Session Type(s): Panel
Starts: Saturday, Aug. 4 9:00 AM (Central)
Ends: Saturday, Aug. 4 10:15 AM (Central)
2021 redistricting begins now. 2018 is a pivotal moment—dozens of governors with veto power of 2021 maps, hundreds of four-year termed legislators who will draw the maps, and once-in-a-lifetime ballot initiatives will shape American life for the next twelve years. Join us for a discussion on how advocacy can undo gerrymandering and restore fairness to our democracy.
Bethany Khan is the Director of Communications & Digital Strategy at the Culinary Union. She uses strategic communications, technology, data, and digital strategy to support working families in Nevada.
Bethany graduated with a bachelor’s degree in journalism from the University of Minnesota and has used those skills to fight for justice. Bethany has family members who are undocumented and works with the Culinary Union fighting for comprehensive worker-centered immigration reform. As spokeswoman for Nevada’s largest union and immigrant organization, Bethany is proud to use her digital and strategic communication skills to support workers in Nevada.
The Culinary Union, Nevada’s largest union and immigrant organization, has improved the lives of over 800,000 Nevada hospitality workers and their families with middle-class union wages and good benefits. In 83 years, the Culinary Union has become an essential economic institution and a strong political force in the Battle Born State.
Bethany was honored as a “40 under 40” award recipient at the American Association of Political Consultants in 2018, named one of Vegas INC’s Women to Watch in 2016, and currently serves as a board member on Planned Parenthood of Nevada, Progressive Leadership Alliance of Nevada, University of Nevada Las Vegas (UNLV) Latinx Voices Advisory Board, and the Las Vegas Sun’s Community Editorial Review Board, where she represents the Culinary Union, 57,000 workers and their families, and labor issues.
David Daley is the author of the national best-seller “Ratf**ked: Why Your Vote Doesn’t Count” (Norton) and a leading expert on partisan gerrymandering. He is a senior fellow at FairVote. His work has appeared in the New Yorker, the Atlantic, the Washington Post, Slate and New York magazine. He is the former editor-in-chief of Salon.
Irene Godínez is a North Carolina native of Mexican heritage and is living out her dreams as the Director of Pipeline and Leadership Development at LEAD NC. Irene enthusiastically works on their mission to seek out, encourage and cultivate a new generation of community and civic leaders for North Carolina.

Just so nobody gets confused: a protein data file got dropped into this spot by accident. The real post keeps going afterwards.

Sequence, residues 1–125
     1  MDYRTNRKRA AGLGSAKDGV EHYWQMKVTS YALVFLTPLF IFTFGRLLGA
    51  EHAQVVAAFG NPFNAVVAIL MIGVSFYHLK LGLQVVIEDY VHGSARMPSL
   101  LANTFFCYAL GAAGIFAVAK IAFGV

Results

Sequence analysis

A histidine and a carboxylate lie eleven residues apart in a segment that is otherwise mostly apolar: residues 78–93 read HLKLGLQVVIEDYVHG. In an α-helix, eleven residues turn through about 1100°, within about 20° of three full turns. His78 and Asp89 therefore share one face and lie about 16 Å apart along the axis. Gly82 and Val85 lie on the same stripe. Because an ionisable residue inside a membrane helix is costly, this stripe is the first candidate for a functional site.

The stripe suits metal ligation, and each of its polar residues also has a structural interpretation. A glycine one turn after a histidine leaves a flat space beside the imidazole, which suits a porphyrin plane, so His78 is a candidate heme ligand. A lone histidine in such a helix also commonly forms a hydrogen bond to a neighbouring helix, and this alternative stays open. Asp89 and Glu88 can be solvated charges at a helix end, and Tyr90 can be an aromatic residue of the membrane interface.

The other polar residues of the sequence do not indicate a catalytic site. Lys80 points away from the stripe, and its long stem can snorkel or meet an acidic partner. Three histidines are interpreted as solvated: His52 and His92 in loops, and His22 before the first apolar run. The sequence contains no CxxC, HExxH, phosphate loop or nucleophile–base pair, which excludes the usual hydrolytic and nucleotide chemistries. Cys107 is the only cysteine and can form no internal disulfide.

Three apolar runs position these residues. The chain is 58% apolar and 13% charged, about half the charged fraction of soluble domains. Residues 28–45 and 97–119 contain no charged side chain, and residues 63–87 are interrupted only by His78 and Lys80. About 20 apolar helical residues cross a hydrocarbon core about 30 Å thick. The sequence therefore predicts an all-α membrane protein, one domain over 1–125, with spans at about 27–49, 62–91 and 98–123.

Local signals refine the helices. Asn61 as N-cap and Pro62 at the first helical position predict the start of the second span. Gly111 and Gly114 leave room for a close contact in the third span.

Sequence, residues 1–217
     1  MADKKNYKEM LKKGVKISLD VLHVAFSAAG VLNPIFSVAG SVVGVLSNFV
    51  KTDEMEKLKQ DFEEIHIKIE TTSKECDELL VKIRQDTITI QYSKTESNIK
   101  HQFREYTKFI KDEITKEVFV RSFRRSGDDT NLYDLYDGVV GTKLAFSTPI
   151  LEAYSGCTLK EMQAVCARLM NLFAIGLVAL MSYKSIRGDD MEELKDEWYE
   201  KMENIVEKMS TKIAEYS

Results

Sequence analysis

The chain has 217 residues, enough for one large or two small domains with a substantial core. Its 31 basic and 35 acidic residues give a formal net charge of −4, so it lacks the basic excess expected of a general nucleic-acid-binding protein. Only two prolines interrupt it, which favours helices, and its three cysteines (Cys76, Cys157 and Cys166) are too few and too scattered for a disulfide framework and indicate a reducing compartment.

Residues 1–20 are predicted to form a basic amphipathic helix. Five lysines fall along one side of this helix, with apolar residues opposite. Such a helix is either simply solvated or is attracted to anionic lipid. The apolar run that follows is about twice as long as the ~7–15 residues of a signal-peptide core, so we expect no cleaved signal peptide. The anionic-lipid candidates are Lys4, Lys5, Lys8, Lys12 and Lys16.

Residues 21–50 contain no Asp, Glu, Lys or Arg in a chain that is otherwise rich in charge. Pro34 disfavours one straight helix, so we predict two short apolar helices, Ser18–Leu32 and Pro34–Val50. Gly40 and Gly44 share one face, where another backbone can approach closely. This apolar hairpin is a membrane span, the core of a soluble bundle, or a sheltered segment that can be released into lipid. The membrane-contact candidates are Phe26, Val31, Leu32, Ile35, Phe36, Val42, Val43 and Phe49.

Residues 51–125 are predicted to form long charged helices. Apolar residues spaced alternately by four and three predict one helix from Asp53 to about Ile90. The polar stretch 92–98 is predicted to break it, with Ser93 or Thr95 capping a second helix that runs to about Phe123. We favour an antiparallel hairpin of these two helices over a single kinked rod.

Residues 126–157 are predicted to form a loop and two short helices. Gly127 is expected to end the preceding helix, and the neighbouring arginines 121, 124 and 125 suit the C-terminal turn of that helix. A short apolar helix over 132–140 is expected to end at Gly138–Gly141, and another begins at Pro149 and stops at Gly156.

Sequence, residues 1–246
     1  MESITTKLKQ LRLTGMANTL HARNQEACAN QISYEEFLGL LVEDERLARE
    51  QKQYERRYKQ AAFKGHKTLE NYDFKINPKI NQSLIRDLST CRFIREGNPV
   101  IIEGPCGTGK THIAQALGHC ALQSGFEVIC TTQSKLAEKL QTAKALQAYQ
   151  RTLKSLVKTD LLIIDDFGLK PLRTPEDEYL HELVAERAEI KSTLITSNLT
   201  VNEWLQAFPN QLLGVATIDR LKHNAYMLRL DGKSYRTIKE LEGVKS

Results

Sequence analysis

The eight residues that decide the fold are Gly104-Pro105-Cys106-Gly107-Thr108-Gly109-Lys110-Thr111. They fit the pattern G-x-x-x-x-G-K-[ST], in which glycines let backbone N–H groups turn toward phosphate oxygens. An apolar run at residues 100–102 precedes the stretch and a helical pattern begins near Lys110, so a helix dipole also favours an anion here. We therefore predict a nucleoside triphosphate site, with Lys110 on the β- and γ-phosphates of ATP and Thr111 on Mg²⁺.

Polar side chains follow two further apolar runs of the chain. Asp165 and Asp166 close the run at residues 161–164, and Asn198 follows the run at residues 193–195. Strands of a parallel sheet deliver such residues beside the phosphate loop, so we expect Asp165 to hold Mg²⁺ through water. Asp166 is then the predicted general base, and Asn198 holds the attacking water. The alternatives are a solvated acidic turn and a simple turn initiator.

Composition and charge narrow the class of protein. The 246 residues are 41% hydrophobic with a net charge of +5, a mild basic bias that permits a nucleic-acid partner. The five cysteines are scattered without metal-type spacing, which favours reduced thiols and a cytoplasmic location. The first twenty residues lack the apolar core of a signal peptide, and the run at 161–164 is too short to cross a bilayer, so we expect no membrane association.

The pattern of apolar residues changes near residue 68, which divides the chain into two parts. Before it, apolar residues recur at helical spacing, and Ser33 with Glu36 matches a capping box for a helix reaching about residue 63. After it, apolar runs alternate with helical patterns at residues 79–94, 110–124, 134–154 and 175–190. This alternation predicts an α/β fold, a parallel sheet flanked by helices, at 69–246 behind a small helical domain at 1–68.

Godínez has over 12 years experience in nonprofit management, community mobilization and engagement, coalition-building, advocacy, media relations, and strategic communications, working on immigrant rights advocacy and women’s reproductive rights.
As one of the nation’s leading voting rights advocates Greg Moore has led successful efforts through grassroots organizing and voter mobilization at all government levels. As the Senior Political Strategist for the Democracy Initiative Greg focuses on voting rights, building constituent convergence in money in politics while working with allied partners to reform Senate legislative rules. He also continues to direct of the NAACP National Voter Fund (C 4) advocacy and voter engagement programs.
While serving as Deputy Director for the Democratic National Committee Moore was instrumental in developing the party’s voter registration and voter outreach programs. Further, he served as the Legislative Director and Chief of Staff for the Honorable John Conyers, Jr. (D), the ranking member of the U.S. House Judiciary Committee, (MI-14th) and Dean of the Congressional Black Caucus.
José Morales, Jr. is the Community Engagement and Projects Director at the National Democratic Redistricting Committee (NDRC), the first-ever strategic hub for redistricting focused on winning targeted elections and ballot initiatives, advancing legal action, and building the infrastructure to achieve a fairer redistricting process across the country.
Before NDRC, José worked at the Democratic Congressional Campaign Committee, serving as Executive Assistant to the Executive Director, and at the New Organizing Institute in various positions.
José grew up in the Bronx and Monroe, NY. He graduated from American University in 2013.